Court declines to reinstate Nashua Historical Society presidentBy KIMBERLY HOUGHTON
Union Leader Correspondent
January 16. 2014 12:09AM
NASHUA — For the time being, the Nashua Historical Society will continue operating with an interim president after a local judge denied a motion to immediately reinstate the group’s ousted leader.
Terry Romano, 82, former president of the Nashua Historical Society, previously filed a motion at Hillsborough County Superior Court seeking preliminary and permanent injunctive relief directing the society to reinstate her as head of the group.
However, Judge Diane Nicolosi recently denied the preliminary injunction, and is asking both parties involved to further elaborate on whether the court should continue to intervene in the dispute.
“The alleged harm does not appear to be sufficient to overcome the general rule that a court will not interfere with the internal affairs of a private society,” says Nicolosi’s ruling. The only harm mentioned in the petition is that the former president of the Nashua Historical Society is now prevented from performing the duties of the office that she was elected to serve, Nicolosi explained in her ruling.
“This threat is not significant enough to warrant a temporary injunction,” she added.
According to court documents, Romano was elected to serve a two-year term as president of the organization in May 2012. Following several disputes with the society’s Board of Directors, however, the board held an executive session on April 9, 2013, and voted to remove Romano as president.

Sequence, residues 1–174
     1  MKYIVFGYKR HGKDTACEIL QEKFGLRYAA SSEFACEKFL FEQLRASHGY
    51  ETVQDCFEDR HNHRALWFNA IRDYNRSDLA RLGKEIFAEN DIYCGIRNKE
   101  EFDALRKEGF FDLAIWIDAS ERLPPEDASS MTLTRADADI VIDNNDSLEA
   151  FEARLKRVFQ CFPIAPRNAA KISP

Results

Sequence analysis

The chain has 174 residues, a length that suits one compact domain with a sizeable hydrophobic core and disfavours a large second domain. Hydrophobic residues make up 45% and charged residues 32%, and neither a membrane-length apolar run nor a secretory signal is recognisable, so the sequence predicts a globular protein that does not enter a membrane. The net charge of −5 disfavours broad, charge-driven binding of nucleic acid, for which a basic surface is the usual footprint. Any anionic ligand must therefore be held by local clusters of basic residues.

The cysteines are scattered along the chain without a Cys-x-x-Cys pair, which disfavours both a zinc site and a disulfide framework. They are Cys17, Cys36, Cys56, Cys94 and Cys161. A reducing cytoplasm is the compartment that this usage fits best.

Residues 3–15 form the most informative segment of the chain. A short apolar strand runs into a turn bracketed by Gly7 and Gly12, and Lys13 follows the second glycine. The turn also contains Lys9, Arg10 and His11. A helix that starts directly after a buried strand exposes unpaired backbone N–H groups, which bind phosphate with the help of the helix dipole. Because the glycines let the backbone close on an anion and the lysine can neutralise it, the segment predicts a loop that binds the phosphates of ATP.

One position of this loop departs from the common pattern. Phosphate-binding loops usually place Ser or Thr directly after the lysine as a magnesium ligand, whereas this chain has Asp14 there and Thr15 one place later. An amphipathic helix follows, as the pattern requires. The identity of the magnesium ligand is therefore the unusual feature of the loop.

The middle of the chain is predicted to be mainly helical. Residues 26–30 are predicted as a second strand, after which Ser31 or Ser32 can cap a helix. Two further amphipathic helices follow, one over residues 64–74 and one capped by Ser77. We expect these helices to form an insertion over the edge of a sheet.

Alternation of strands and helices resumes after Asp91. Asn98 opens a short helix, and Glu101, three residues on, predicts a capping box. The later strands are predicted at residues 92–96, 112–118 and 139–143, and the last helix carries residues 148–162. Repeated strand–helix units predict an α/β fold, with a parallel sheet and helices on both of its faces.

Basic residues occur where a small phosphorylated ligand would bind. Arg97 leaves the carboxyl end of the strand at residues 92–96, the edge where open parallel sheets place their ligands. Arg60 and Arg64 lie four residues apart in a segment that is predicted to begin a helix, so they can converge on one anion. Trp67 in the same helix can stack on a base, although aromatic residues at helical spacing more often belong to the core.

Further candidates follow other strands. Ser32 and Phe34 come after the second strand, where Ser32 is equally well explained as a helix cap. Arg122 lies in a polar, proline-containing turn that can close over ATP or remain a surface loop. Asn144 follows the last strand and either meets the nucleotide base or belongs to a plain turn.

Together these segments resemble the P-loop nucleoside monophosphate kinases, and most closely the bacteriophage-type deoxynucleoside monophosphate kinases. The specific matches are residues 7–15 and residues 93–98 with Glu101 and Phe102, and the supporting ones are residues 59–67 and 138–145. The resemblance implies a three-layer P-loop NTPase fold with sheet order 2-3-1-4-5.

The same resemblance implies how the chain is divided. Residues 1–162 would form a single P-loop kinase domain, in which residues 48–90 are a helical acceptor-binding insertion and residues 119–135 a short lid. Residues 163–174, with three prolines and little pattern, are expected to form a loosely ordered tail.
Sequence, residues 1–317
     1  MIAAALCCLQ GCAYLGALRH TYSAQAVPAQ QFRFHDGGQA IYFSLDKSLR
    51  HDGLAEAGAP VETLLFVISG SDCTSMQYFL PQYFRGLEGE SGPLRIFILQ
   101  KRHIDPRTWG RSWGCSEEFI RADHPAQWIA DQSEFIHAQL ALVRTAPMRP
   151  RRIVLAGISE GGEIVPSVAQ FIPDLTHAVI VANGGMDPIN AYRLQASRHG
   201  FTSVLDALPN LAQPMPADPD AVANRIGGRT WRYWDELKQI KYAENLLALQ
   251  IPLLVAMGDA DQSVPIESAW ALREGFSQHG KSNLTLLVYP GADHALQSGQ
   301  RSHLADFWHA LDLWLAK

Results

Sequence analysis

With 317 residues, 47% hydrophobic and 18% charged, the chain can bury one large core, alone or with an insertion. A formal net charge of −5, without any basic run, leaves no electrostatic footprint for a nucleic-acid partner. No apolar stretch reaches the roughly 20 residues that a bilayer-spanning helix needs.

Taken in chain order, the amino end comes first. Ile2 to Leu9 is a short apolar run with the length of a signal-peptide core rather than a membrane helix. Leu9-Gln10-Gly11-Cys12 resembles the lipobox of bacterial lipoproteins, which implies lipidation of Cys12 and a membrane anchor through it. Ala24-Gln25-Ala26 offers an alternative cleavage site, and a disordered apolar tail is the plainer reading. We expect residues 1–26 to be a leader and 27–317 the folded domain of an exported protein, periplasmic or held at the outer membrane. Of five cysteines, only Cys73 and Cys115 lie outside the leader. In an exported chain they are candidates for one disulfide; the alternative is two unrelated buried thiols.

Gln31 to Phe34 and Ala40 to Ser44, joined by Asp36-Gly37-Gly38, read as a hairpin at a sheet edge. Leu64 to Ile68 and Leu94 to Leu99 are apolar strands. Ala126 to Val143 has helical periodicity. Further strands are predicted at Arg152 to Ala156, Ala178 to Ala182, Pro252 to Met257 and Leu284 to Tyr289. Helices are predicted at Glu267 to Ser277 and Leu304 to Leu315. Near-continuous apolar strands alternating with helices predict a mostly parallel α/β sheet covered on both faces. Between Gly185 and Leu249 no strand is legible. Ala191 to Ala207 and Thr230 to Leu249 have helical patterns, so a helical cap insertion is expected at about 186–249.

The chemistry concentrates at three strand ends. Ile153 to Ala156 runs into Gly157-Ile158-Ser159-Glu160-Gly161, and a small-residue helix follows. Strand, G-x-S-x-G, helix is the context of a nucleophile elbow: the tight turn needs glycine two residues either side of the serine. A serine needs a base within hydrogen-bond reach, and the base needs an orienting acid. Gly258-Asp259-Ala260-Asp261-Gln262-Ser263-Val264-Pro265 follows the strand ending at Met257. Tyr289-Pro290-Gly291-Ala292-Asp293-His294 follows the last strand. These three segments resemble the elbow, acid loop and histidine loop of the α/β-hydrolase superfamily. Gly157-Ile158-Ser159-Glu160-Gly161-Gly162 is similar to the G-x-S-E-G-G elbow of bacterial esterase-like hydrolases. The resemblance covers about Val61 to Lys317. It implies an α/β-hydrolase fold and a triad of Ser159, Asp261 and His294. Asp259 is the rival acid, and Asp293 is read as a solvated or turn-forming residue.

Cecil Renzi is now serving as interim president of the group.Romano, along with some members of the Nashua Historical Society, argue that the board lacked authority under the bylaws of the organization to remove Romano as president, says court records.Still, Renzi and the Nashua Historical Society maintain that a supermajority of the board has authority to remove a president. Each side claims Robert’s Rules of Order are in their favor, and are asking the court to determine the validity of the board’s action.
Nicolosi, however, contends that the Robert’s Rules of Order issue does not need to be determined this early in the proceedings, as a threat of irreparable harm has not been demonstrated.
If there was any harm, it is not irreparable, Nicolosi said in her ruling.
“At the next annual meeting, the members may change the bylaws to clarify and/or strengthen the removal process, and may also re-elect Romano to the president position if they feel her removal was improper,” she wrote.
Romano and her attorney have until Friday to notify the court of their interest to proceed with the matter.
Attorney Kevin Devine, legal representative for the historical society, said previously that the board has authority to make decisions about managing the organization, including whether to remove an elected officer.
Attorney Francis Murphy, legal counsel for Romano, said earlier that Romano was improperly removed from office in the wake of escalating conflicts over how to manage the email@example.com